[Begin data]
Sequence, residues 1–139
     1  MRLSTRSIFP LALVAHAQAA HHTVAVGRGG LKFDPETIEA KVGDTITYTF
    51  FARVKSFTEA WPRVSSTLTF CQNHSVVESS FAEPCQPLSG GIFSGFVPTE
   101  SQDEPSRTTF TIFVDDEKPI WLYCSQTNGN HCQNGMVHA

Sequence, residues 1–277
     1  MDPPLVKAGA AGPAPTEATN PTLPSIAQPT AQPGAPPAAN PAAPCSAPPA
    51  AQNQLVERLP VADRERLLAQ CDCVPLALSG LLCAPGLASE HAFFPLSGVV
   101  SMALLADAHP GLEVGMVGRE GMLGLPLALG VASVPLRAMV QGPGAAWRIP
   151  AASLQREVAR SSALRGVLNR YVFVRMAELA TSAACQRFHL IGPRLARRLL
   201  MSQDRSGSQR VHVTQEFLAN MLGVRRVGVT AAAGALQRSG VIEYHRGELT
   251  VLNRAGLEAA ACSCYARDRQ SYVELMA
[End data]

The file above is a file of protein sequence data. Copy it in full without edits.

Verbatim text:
Sequence, residues 1–139
     1  MRLSTRSIFP LALVAHAQAA HHTVAVGRGG LKFDPETIEA KVGDTITYTF
    51  FARVKSFTEA WPRVSSTLTF CQNHSVVESS FAEPCQPLSG GIFSGFVPTE
   101  SQDEPSRTTF TIFVDDEKPI WLYCSQTNGN HCQNGMVHA

Sequence, residues 1–277
     1  MDPPLVKAGA AGPAPTEATN PTLPSIAQPT AQPGAPPAAN PAAPCSAPPA
    51  AQNQLVERLP VADRERLLAQ CDCVPLALSG LLCAPGLASE HAFFPLSGVV
   101  SMALLADAHP GLEVGMVGRE GMLGLPLALG VASVPLRAMV QGPGAAWRIP
   151  AASLQREVAR SSALRGVLNR YVFVRMAELA TSAACQRFHL IGPRLARRLL
   201  MSQDRSGSQR VHVTQEFLAN MLGVRRVGVT AAAGALQRSG VIEYHRGELT
   251  VLNRAGLEAA ACSCYARDRQ SYVELMA